We invite you to return every day during Advent for this devotional series
Listen to today’s accompanying audio track:
For Behold, Darkness Shall Cover The Earth
“For behold, darkness shall cover the earth, and gross
darkness the people; but the Lord shall arise upon thee, and
His glory shall be seen upon thee. And the Gentiles shall come
to thy light, and kings to the brightness of thy rising.”
In the world’s northern hemisphere Advent comes at the darkest time of the year. It is a time of year when people light candles, string up lights, and set out luminaria to drive the cold dark away. Throughout the Bible darkness is a powerful symbol for the death and destruction that ravage and destroy. Conversely, light is a Biblical symbol for life, life to the fullest, life in never ending joy and delight.
Significantly, we discover darkness on the first page of the Bible, a darkness that covers the earth (Genesis 1:2). From history’s earliest times destruction and death have marked our world. Yet, on the Bible’s last page there is the new earth where “they need no candle, neither light of the sun for the Lord giveth them light” (Revelation 22:5). Human history is the story of what happens between the Bible’s first and last pages. It is the story we are now living: God’s battle against the darkness, and the ultimate triumph of His light.
The Light has come (see yesterday’s reading), but the darkness remains. Isaiah warns of more trouble still ahead. Note the future tense of Isaiah’s verb in the text: “darkness shall cover the earth”.Darkness covered the earth at Messiah’s first coming, and shall cover it until He comes again. But God gives us a glimpse of the dazzling future ahead. God Himself shall return and shine on us like the sun. God does not abandon His good earth to rebellious forces of sin, but redeems and makes it new.
In Isaiah’s characteristic way, he encompasses in one verse Messiah’s first and second comings. In his broad sweeping view of history he sees Messiah coming as a little baby, and Messiah coming as conquering king. Isaiah reveals the dawning of God’s new day.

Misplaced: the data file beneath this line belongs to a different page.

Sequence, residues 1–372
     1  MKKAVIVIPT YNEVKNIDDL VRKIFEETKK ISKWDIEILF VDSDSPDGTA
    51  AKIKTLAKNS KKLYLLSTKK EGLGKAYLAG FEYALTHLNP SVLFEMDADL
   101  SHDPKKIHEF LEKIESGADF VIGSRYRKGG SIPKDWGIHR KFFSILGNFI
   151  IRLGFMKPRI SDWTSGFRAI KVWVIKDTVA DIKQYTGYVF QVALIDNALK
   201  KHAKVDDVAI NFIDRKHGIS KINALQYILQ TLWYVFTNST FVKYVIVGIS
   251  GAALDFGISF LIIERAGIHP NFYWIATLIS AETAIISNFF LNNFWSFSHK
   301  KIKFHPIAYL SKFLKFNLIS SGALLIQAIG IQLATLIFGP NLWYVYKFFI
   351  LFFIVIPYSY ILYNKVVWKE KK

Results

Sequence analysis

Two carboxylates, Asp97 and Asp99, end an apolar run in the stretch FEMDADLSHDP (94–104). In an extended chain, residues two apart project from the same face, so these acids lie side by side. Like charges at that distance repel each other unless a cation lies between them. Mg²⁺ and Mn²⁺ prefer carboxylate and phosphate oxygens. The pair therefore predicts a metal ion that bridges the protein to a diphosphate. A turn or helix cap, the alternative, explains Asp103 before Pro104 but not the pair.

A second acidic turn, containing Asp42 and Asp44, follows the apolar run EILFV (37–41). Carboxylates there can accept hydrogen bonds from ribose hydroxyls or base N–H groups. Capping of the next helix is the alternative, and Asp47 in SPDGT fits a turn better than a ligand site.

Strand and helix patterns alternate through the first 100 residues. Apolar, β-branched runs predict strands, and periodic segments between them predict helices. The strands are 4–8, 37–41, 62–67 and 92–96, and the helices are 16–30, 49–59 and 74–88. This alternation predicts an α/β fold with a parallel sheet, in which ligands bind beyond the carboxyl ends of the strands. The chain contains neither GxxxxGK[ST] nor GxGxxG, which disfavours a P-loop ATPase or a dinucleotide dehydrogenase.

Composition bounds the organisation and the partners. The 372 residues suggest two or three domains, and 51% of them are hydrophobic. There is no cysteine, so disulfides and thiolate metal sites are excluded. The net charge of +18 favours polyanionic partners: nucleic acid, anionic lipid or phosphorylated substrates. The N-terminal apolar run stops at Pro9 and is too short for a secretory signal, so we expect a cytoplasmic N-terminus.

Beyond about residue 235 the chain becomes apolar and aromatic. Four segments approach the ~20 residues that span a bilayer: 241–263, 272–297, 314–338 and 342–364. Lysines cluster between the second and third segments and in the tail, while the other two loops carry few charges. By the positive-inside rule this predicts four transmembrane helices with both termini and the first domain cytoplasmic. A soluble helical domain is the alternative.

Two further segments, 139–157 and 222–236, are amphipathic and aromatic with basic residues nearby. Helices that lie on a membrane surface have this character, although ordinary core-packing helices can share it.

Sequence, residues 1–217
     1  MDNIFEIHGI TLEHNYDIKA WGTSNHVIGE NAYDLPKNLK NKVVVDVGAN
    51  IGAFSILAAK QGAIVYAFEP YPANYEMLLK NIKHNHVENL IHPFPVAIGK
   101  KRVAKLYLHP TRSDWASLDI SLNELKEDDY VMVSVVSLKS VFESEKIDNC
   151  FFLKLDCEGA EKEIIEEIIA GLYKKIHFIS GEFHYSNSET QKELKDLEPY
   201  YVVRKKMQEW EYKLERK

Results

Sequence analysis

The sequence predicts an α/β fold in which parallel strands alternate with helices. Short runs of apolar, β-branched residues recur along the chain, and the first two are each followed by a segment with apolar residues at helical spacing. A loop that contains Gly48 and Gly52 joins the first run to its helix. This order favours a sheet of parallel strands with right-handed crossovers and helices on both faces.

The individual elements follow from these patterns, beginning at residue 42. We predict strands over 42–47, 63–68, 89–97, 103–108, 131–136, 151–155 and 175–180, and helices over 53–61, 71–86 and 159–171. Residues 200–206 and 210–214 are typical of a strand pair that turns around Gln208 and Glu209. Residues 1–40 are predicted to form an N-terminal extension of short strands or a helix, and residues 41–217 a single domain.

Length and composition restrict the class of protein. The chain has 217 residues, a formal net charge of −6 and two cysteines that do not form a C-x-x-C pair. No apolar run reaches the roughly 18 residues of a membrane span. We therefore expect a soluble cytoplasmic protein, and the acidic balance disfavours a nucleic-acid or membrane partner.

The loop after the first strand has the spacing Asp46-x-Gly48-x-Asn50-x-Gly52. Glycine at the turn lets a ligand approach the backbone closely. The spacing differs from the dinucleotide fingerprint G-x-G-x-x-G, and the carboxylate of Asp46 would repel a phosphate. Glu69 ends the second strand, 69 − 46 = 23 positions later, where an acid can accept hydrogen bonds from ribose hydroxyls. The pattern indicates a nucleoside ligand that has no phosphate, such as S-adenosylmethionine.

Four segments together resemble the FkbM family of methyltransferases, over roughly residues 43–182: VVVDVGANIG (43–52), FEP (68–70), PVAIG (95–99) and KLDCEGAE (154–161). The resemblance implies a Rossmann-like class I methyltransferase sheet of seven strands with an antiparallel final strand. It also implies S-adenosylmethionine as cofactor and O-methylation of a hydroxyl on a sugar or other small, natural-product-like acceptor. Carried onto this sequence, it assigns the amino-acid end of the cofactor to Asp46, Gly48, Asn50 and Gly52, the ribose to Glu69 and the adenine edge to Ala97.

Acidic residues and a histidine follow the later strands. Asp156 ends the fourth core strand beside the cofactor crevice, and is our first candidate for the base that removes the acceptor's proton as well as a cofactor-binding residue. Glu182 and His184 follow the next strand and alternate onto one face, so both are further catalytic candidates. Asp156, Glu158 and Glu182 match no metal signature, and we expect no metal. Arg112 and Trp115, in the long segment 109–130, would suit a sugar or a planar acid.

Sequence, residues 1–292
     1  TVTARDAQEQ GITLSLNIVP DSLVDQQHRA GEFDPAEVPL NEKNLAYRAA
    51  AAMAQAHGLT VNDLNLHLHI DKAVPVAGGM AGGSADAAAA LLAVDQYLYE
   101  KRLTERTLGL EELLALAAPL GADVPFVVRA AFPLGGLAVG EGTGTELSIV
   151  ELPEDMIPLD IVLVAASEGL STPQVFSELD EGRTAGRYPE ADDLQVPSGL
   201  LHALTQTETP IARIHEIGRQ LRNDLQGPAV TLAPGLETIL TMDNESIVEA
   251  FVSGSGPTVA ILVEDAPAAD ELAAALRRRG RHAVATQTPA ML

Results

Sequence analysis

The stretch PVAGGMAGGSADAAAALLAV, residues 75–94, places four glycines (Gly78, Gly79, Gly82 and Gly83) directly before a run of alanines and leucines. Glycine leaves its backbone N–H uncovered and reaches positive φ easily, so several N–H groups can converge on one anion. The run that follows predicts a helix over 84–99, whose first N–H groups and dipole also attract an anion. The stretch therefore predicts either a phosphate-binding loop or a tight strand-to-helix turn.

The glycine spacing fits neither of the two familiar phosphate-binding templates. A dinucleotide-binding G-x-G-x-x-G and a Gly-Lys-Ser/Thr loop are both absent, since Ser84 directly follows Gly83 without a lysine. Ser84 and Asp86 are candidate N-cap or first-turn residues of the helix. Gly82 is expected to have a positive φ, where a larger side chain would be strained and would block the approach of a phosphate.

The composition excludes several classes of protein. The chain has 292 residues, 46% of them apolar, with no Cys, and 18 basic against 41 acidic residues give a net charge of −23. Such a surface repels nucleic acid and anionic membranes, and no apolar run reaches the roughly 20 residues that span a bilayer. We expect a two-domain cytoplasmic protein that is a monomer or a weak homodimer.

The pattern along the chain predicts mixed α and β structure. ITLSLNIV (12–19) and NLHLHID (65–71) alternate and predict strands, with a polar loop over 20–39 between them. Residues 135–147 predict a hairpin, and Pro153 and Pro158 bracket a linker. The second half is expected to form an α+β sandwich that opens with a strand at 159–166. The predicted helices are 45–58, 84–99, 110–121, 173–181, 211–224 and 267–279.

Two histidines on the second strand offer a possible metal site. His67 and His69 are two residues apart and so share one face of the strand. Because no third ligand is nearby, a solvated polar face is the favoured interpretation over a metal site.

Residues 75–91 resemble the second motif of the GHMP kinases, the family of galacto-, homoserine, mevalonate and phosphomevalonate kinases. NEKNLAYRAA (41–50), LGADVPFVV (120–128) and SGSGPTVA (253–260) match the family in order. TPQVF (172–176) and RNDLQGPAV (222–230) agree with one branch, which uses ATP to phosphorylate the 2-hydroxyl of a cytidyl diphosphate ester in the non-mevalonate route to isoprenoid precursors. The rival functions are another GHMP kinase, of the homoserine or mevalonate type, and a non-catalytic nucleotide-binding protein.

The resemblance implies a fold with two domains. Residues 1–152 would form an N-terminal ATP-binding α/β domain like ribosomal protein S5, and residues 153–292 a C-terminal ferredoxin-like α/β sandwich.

When Jesus Messiah came the first time He proclaimed: “I am the light of the world: he who followeth me shall not walk in darkness but shall have the light of life” (John 8:12). A fisherman named Peter saw that Light, and eventually gave his life as a follower of that Light. Peter calls for us to live as people who have seen the Light, to “shew forth the praises of him who hath called you out of darkness into his marvellous light” (I Peter 2:9).
Just as a light is meant for dark places, so God puts us where His light is most needed. Perhaps you live or work in a dark place. Know that God has placed you there to be a shining life, a living light. That’s your purpose and special calling. It is both awesome and humbling to shine in the night.
When Robert Louis Stevenson was a boy, he watched a lamp lighter igniting the lamps as he went down his street one evening. Stevenson said to his nurse: “I am watching a man put holes in the darkness.” Let us go forth and put holes in the darkness!
In this solo Handel again uses tone-painting to convey the marked contrast between God’s light and the world’s darkness. The solo begins in a minor key with a darkness one can feel. The music is ominous and threatening. The sixteenth notes rustle, intensifying a feeling of doom.
Suddenly, as from nowhere, the music rises to a bright major key with “but the Lord shall arise upon thee”. The music mounts up as the dawn arises, and the music brightens to declare God’s new day. The nervous violins give way to the music line rising higher. The strings climb to their highest at “the brightness of thy rising”. Here is God’s light overcoming the darkness (John 1:5). The music line then flows downward, suggesting the Lord’s glory flowing downward to the people.
Handel concludes this piece of light versus darkness in the minor key to remind that the world remains in darkness, in need of the light.
- What do you sense that God might be saying to you in today’s Scripture text and music from Messiah?
- What do you want to say to God?
- Now take a few moments to be still in God’s presence.